Victory to Maidens, Monks, & Murder

    6. MRS N, the Query QueenJune 3, 2014 at 12:48 PM

      Maidens, Monks & Murder:
      Query- A perfect ten query in my book! Hook, summary and comparison! YAY!
      250- Wow, I was instantly transformed into medieval times and felt the torment poor Eva is experiencing. Well done! I do have a question, though. Are you a Black Adder fan or is Baldric just a coincidence? *wink*

      Loving Logic:
      Query- I loved the premise of your book but it got lost in all the wording of your query. The first paragraph should be your hook and it should be one sentence. This is what you wrote, “Mathematics? That she can do. And statistics? That's just applied mathematics. But nothing can prepare seventeen-year-old Celia Mayflower for emotions.”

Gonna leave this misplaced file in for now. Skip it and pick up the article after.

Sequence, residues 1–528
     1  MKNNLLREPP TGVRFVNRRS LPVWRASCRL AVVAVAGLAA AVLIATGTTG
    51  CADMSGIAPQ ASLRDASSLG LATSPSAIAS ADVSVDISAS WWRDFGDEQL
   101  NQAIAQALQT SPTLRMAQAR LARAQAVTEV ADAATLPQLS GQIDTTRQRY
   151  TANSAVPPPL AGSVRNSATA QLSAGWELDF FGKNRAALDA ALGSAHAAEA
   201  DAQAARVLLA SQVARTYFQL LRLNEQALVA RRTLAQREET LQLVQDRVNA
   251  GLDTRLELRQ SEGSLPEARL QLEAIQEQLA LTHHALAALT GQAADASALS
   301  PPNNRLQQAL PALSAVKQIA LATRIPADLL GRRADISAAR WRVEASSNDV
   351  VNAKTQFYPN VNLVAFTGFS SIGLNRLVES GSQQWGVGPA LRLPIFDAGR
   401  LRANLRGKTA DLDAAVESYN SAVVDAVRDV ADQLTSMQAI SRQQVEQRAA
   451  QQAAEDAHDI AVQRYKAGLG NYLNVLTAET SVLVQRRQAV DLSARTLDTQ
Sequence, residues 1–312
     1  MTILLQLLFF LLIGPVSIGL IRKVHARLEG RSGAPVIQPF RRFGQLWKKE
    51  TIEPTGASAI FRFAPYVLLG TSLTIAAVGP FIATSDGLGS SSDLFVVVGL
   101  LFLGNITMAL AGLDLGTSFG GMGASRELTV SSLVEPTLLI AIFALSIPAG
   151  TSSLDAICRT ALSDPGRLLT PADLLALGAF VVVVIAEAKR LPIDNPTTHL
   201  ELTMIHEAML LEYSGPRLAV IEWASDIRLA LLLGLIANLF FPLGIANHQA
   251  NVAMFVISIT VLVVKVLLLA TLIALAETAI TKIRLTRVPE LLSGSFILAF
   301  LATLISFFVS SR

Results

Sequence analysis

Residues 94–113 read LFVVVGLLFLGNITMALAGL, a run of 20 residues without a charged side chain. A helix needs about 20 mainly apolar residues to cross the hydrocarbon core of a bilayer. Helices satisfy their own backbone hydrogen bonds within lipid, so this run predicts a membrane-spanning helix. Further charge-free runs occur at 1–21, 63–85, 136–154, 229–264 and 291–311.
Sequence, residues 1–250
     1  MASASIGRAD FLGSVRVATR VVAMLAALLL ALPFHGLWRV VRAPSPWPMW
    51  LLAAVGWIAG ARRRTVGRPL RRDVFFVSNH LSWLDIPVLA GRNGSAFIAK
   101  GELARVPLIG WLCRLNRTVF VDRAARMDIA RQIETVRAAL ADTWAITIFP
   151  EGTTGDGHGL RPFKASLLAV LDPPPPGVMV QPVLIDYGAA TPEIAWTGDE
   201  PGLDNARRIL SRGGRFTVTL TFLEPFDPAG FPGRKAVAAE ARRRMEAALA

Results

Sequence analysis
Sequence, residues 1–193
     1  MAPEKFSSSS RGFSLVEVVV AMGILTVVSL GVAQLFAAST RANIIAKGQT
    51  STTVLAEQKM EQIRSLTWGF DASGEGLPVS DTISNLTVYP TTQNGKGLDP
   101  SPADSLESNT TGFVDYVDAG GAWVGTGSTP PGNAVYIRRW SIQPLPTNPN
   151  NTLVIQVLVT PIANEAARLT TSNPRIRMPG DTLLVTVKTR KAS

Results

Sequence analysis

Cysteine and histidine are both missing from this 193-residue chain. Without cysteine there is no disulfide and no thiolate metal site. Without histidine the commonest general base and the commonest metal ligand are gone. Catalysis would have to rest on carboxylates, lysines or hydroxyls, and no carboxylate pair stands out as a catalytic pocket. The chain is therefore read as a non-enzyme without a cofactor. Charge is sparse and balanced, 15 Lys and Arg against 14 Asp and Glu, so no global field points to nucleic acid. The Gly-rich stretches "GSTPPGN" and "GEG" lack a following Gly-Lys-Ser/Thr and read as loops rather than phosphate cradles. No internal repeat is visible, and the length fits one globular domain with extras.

This is what I would change it to: “Mathematics and statistics are as automatic as breathing but nothing can prepare seventeen-year-old Celia Mayflower for emotions.” See what I did there? I said the same thing as you but it pops out and catches the reader’s attention.

      250- You totally lost me in your first 250. If I read that in a bookstore or online, I am sorry to say I would put it down. Your first paragraph is supposed to grab me, the reader, and I have to be emotionally invested to continue. I think it just needs some tweaking. Maybe if you flipped first paragraph and second, it would draw me into your story. Mostly, I get lost in the numbers. Why are there numbers? Obviously from your first sentence of your query letter, the numbers mean something. Get me into the mind of Celia and make me crave to want to know more about the numbers and her special gift.